If the story this passage tells is true, such was the description that a pious non-Hebrew named Balaam gave to a fellow non-Hebrew named Balak about Moses’s approaching army of ex-slaves. At this point the Hebrews had already overrun several local kingdoms and Balak feared he was next in line. He sent for Balaam in the belief that Balaam had the power to communicate with God and issue a holy curse on the oncoming host. Balaam could indeed speak to God, but what God told him to say was not what Balak wanted to hear.
God first gives Balaam a display of power by sending an angel to frighten his donkey, but the text gives no indication that such a display was necessary. From the beginning Balaam seems unimpeachably devout and committed to conveying God’s messages. This he does when Balak asks him to curse the people of Israel. Balaam speaks with God and then tells Balak, in essence, that resistance is futile.
Balak asks again, and Balaam gives a similar answer. Israel is like a hungry lion, Balaam says to Balak, and you’re the prey. Israel is a wild ox, so prepare to be gored. Balak demands a third opinion, but Balaam sticks to his story. The fourth iteration, the “final oracle,” leaves just as little room for doubt as the first three. Chapter 24 concludes with Balaam and Balak each going their way. Chapter 25 is not about them, so I guess we’ll hear no more from them.
The story of Balaam and Balak provides a welcome shift of narrative perspective. Suddenly in the midst of Numbers, in the middle of the story that began two books ago in Exodus, we leave Moses and the Israelites and see their progress through the eyes of their victims. I did not expect that. One could argue that this is a refreshing, creative example of subjectivism that breaks the monotonous and sometimes xenophobic (murders of non-Hebrews have taken place) contents of Exodus, Leviticus, and Numbers. Or one could argue that this story, despite a temporary change of cast, is still objectivist and nationalistic because it is the Hebrew god who speaks to Balaam and it is the Israeli army that has God on its side. Both interpretations are correct. I prefer the former, but in any case I enjoyed these passages greatly. Like the spy story I wrote about in my previous blog entry, Balaam’s tale was a welcome change of pace and an engaging narrative. Unfortunately, it lacks closure, as I have not yet read anything about Balaam’s fate. Does God protect him from the Israelites, and do the Israelites treat him well? They seem to worship the same God. Then again, we all know how much that counts for in the Holy Land.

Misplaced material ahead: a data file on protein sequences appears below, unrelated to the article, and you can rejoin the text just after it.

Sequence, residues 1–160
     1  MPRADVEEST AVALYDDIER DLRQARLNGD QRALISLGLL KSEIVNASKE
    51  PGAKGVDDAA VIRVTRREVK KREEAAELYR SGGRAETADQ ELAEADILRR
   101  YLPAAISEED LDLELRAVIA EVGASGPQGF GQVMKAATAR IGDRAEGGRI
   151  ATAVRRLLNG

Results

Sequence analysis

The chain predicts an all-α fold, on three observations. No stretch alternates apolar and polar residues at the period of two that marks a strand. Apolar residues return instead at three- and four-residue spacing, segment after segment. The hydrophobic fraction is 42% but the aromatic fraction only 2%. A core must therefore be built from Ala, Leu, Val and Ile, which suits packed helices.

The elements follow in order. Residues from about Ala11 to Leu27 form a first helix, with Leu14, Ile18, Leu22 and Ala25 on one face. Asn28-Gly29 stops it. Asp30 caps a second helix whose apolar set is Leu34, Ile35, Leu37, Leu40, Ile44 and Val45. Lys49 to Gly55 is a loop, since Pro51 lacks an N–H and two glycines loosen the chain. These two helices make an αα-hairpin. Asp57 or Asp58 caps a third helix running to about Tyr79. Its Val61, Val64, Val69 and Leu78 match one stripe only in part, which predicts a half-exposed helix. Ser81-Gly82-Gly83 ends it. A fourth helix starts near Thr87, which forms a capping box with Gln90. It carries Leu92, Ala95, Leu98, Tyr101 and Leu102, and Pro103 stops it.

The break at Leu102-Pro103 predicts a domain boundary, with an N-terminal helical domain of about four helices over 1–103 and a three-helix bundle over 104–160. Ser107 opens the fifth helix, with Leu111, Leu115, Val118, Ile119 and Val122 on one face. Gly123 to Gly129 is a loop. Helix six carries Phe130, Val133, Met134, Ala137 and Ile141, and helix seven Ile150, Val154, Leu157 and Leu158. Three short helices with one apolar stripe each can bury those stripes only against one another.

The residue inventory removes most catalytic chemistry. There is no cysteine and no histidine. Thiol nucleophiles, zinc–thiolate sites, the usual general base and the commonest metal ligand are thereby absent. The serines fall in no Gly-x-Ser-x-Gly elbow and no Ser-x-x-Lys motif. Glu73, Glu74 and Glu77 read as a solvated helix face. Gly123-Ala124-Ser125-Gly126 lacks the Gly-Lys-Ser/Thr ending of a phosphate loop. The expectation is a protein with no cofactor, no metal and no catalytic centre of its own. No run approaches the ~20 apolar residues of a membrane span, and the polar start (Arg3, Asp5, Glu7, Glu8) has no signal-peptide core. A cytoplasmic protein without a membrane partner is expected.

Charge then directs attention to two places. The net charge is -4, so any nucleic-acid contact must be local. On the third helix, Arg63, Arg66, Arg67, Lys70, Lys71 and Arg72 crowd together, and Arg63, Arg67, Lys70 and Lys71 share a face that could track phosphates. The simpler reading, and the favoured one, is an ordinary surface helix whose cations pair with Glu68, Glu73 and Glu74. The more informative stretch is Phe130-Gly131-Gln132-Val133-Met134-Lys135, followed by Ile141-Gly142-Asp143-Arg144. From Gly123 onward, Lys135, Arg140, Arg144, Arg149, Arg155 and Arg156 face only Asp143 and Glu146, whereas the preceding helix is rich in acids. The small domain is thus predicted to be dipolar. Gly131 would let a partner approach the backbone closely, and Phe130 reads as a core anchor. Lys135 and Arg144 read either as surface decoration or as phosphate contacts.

And Moses sent to call Dathan and Abiram the sons of Eliab, and they said, “We will not come up. Is it a small thing that you have brought us up out of a land flowing with milk and honey, to kill us in the wilderness, that you must also make yourself a prince over us? Moreover, you have not brought us into a land flowing with milk and honey, nor given us inheritance of fields and vineyards. Will you put our the eyes of these men? We will not come up.” – Numbers 16:12-14
But on the next day all the congregation of the people of Israel grumbled against Moses and against Aaron, saying, “You have killed the people of the LORD.” – Numbers 16:41
I’m really glad the people of Israel brought this issue—Moses’s apparent culpability for their suffering and death—into the open, because I don’t think I would have chosen to bring it up on my own.
But first, a word about spies.
The espionage thriller is one of my favorite genres of fiction. I prefer them wordy, historical, and without too much action. The 1979 BBC miniseries adaptation of John LeCarre’s Tinker, Tailor, Soldier, Spy starring Alec Guinness (with a Patrick Stewart cameo, no less! Obi-Wan and Picard in the same room!) is the kind of thing I have in mind. I like when a story requires me to strain to hear every whispered word and to scrutinize every sideways glance and arched eyebrow to try to keep up with what’s going on and figure out who the mole is, or what the Russians are planning, or who killed our operative in Biafra and why. I always thought the spy story was a modern invention, possibly dating to the 1700s at the earliest but lacking any ancient counterpart. So much of a spy’s motivations seem to depend on what Rudyard Kipling called “the Great Game,” the attempt by every great empire or nation to stay one step ahead of its rivals. I suppose ancient empires and medieval courts both had their spies, but spy fiction, I assumed, could be no more than a couple of hundred years old.